While trying to get some perspective on the extensive literature about highest weight modules for affine Lie algebras relative to "level" (work by Feigin, E. Frenkel, Gaitsgory, Kac, ....), I run into the notion of dual Coxeter number but am uncertain about the extent of its influence in Lie theory. The term was probably introduced by Victor Kac and is often denoted by
$h^\vee$ (sometimes by
$g$ or another symbol). It occurs for example in the 1990 third edition of his book Infinite Dimensional Lie Algebras in Section 6.1. (The first edition goes back to 1983.) It also occurs a lot in the mathematical physics literature related to representations of affine Lie algebras. And it occurs in a 2009 paper by D. Panyushev in Advances which studies the structure of complex simple Lie algebras.
Where in Lie theory does the dual Coxeter number play a natural role (and why)?
A further question is whether it would be more accurate historically to refer instead to the Kac number of a root system, since the definition of
$h^\vee$ is not directly related to the work of Coxeter in group theory.
BACKGROUND: To recall briefly where the Coxeter number
$h$ comes from, it was introduced by Coxeter and later given its current name (by Bourbaki?). Coxeter was studying a finite reflection group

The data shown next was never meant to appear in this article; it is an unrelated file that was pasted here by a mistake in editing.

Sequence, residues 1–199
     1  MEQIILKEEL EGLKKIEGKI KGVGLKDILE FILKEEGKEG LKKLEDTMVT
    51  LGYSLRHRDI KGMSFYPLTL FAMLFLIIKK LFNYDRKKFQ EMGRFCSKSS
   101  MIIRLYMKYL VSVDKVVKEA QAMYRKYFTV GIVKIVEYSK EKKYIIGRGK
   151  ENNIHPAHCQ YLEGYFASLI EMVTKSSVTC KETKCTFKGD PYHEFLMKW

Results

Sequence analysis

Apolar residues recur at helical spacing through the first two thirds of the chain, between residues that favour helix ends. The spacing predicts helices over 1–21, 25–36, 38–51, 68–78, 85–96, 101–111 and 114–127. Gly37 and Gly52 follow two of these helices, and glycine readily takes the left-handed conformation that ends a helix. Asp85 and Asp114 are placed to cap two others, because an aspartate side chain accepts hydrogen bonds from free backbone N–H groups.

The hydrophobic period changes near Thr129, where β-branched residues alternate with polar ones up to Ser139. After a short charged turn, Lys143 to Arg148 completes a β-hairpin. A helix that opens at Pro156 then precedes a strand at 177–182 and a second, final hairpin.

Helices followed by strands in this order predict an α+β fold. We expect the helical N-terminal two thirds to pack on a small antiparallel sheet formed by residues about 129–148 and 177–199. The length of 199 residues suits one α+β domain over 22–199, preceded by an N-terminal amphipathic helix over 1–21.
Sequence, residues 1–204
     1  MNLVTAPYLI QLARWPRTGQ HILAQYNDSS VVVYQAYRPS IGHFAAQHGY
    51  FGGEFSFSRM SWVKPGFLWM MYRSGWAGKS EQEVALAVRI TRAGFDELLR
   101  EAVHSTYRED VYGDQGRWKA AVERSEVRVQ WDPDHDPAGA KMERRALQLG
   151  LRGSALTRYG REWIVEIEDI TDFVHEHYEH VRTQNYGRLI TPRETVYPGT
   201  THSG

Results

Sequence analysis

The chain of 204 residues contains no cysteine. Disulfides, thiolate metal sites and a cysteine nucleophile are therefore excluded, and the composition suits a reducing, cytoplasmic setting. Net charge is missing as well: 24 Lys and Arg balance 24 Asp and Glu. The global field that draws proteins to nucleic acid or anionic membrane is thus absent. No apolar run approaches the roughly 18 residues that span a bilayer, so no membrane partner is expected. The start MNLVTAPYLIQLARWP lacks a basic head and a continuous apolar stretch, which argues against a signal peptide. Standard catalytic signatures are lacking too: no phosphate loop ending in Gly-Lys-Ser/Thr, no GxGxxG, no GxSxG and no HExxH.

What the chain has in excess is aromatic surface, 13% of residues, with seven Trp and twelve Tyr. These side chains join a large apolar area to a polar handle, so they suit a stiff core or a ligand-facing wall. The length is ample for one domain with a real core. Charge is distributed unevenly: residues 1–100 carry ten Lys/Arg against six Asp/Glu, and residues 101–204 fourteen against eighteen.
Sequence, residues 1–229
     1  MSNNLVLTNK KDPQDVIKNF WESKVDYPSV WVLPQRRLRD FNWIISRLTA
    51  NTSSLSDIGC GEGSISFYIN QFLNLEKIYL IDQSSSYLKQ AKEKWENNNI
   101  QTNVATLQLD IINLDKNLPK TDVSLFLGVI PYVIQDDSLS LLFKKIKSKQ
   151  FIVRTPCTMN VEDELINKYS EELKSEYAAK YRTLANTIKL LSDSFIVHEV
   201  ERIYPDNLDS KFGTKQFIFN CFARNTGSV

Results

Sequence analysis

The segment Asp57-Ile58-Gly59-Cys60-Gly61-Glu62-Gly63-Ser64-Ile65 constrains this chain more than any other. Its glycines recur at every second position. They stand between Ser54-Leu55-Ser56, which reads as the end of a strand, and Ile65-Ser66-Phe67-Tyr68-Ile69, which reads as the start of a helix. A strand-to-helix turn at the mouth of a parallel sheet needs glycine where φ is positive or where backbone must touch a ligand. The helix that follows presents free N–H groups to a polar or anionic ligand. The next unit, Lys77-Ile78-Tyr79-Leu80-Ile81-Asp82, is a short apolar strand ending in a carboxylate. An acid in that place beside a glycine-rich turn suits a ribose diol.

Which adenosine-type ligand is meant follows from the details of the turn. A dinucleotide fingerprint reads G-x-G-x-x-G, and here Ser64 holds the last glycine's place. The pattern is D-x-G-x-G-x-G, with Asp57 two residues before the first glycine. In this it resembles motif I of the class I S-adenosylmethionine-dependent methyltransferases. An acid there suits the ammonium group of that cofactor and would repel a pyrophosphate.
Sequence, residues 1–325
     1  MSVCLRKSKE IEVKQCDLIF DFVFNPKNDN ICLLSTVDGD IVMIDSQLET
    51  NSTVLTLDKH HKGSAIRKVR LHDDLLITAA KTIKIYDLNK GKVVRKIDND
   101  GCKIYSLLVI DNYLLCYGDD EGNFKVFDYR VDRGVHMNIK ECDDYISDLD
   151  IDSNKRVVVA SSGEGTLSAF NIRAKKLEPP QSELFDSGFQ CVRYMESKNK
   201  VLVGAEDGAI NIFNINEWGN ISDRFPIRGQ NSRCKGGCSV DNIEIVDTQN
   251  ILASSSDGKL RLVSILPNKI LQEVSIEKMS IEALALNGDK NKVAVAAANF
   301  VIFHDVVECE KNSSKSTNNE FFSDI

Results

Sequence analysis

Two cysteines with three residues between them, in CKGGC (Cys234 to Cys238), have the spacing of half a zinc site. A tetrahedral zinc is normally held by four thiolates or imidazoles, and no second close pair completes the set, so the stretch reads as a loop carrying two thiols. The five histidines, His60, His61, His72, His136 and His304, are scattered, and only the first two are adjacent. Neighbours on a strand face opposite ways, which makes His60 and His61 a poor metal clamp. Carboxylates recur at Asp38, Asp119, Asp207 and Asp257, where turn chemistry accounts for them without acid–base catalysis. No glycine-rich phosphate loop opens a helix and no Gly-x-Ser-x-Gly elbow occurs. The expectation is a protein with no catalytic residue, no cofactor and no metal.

$W$ acting irreducibly on a real Euclidean space of dimension
$n$: Weyl groups of root systems belonging to simple complex Lie algebras (types
$A--G$), these being crystallographic, together with the remaining dihedral groups and two others. The product of the
$n$ canonical generators of
$W$ has order
$h$, well-defined because the Coxeter graph is a tree. Its eigenvalues are powers of a primitive
$h$th root of 1 (the "exponents"):
$1=m_1 \leq \dots \leq m_n = h-1$. Moreover, the
$d_i = m_i+1$ are the degrees of fundamental polynomial invariants of
$W$ and have product
In the Weyl group case, where there is an irreducible root system (but types
$B_n, C_n$ yield the same
$W$), work of several people including Kostant led to the fact that
$h$ is 1 plus the sum of coefficients of the highest root relative to a basis of simple roots. On the other hand, the dual Coxeter number is 1 plus the sum of coefficients of the highest short root. For respective types
$B_n, C_n, F_4, G_2$, the resulting values of
$h, h^\vee$ are then
$2n, 2n, 12, 6$ and
$2n-1, n+1, 9,4$. This gets pretty far from Coxeter's framework.
One place where
$h^\vee$ clearly plays an essential role is in the study of a highest weight module for an affine Lie algebra, where the canonical central element
$c$ acts by a scalar (the level or central charge). The "critical" level
$-h^\vee$ has been especially challenging, since here the theory seems to resemble the characteristic
$p$ situation rather than the classical one.